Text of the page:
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Volume 87 Issue 47 | pp. 38-48
Issue Date: November 23, 2009

Gains In Chemistry Grads Persist

Strong trend of rising bachelor’s degrees continues, graduate awards slow
Department: ACS News, Education
Keywords: graduates, Professional Training, bachelor’s degree
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U.S. universities and colleges with chemistry programs approved by the American Chemical Society Committee on Professional Training (CPT) conferred a record high of nearly 14,000 bachelor’s degrees in chemistry during the 2007–08 academic year. The number of chemistry master’s degrees awarded by these schools rose slightly during the same period, but the number of chemistry Ph.D.s fell more than 4% from a 2006–07 peak. Chemical engineering bachelor’s degrees and Ph.D.s rose in 2007–08, while chemical engineering master’s degrees fell a bit.

These are the key findings in the latest report of graduates submitted by the 647 schools with ACS-approved chemistry bachelor’s programs. In 2007–08, they granted 13,921 bachelor’s degrees, an 8.0% increase from the previous academic year. Chemistry departments at 307 schools, the same number that reported in 2006–07, awarded 2,051 master’s degrees in chemistry, up 0.4% from the previous year. And 200 institutions, again the same number as in 2006–07, reported granting 2,362 new chemistry Ph.D.s., down 4.1% from the previously reported high of 2,462 doctorates given in 2006–07.

The data for chemical engineering graduates are similar. The total of 4,708 bachelor’s degrees in chemical engineering represents a significant 5.7% rise from the prior year. Master’s degrees in chemical engineering slid 1.7% from 952 to 936, but 885 Ph.D. degrees were awarded in 2007–08, a rise of 0.8% compared with 878 in 2006–07 and just shy of the record 890 in 2005–06.

The increase in chemistry bachelor’s degrees maintains a six-year trend that seems to be growing stronger. From a recent low of just 9,923 bachelor degrees in 2001–02, the yearly total has grown by 40.3%, or about 7% per year.

Trends in graduate degrees are less dramatic. Master’s degrees in chemistry have been rather stagnant for a decade, hovering around 2,000 degrees per year, with a low of 1,614 in 2003. The number of chemistry Ph.D. degrees had also languished at around 2,000 until 2006, when it began a slow rise.

For chemical engineering, the nearly 6% increase in bachelor’s degrees combined with a jump in Ph.D. degrees in 2005–06 may indicate increasing interest in a degree that has always led to nearly full employment at wages considerably higher than corresponding chemistry degrees (C&EN, Nov. 3, 2008, page 44).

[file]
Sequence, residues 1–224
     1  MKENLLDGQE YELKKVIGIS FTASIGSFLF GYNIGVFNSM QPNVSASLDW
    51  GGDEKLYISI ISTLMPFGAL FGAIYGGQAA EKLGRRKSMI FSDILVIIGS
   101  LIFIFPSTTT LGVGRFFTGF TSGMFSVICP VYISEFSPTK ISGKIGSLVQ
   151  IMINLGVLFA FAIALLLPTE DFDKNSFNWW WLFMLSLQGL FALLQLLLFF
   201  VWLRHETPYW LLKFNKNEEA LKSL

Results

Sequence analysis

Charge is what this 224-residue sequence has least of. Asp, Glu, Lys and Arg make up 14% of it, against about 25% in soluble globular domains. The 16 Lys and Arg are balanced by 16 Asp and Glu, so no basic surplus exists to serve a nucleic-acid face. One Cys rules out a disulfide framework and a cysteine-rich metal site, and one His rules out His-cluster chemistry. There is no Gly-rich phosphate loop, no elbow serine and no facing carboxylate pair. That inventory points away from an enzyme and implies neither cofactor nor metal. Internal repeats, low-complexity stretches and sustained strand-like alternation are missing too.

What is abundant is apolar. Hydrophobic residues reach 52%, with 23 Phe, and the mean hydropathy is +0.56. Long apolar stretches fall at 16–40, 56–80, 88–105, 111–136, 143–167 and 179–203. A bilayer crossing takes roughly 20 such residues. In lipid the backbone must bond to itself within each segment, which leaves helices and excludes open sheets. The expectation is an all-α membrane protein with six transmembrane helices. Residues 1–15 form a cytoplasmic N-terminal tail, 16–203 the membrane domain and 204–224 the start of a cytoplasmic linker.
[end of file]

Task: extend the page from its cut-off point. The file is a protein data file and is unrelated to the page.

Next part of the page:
These data come from the latest report on degrees granted in chemistry and chemical engineering from CPT. Under the direction of Cathy A. Nelson since 1992, the society’s Office of Professional Training collects the reports from ACS-approved colleges and universities across the U.S. The office’s technology specialist, Gary Woods, has compiled the data for the past several years.

Established by the society in 1936, CPT assesses, approves, and monitors undergraduate chemistry programs. ACS does not approve master’s or doctoral programs. College and university chemistry departments apply to ACS for approval of their bachelor’s programs. To be approved, the programs are evaluated against specific criteria established by the committee. Departments with approved chemistry programs must report annually to CPT all the degrees they award at all three degree levels. For the 2007–08 reporting year, 647 departments had approved bachelor’s degree programs.

Of course, some schools with chemistry departments have not applied to ACS to have their programs approved; however, CPT estimates that more than 90% of bachelor’s degrees in chemistry come from colleges and universities that offer programs approved by ACS. CPT also uses data from chemical engineering departments that are accredited by ABET Inc., formerly the Accreditation Board for Engineering & Technology. These departments are not required to respond to CPT surveys, but most of them do. For 2007–08, 149 out of 154 chemical engineering departments responded, Nelson says.

School-by-school data for 2007–08 chemistry and chemical engineering graduates are listed in a table beginning on page 42; they are also available at www.acs.org/cpt.

Two types of bachelor’s degrees are reported: ACS-certified and noncertified. The determination of how many degrees granted by a chemistry department are ACS-certified versus noncertified is made by the head of the chemistry departments and not by ACS.

Before January of this year, only graduates with an ACS-certified bachelor’s degree were qualified for immediate full membership in ACS. Those without a certified bachelor’s degree had to have three years of professional experience in chemistry or a higher degree in a chemical science to be full members. In January, however, the society opened full membership to anyone with an associate’s or a bachelor’s chemistry degree, certified or not (C&EN, May 5, 2008, page 50).